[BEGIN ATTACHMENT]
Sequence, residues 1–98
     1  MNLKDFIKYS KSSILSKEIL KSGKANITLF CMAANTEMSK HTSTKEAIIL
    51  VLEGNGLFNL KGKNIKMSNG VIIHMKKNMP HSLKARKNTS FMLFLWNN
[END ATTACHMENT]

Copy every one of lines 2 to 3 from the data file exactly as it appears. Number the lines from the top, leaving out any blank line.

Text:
     1  MNLKDFIKYS KSSILSKEIL KSGKANITLF CMAANTEMSK HTSTKEAIIL
    51  VLEGNGLFNL KGKNIKMSNG VIIHMKKNMP HSLKARKNTS FMLFLWNN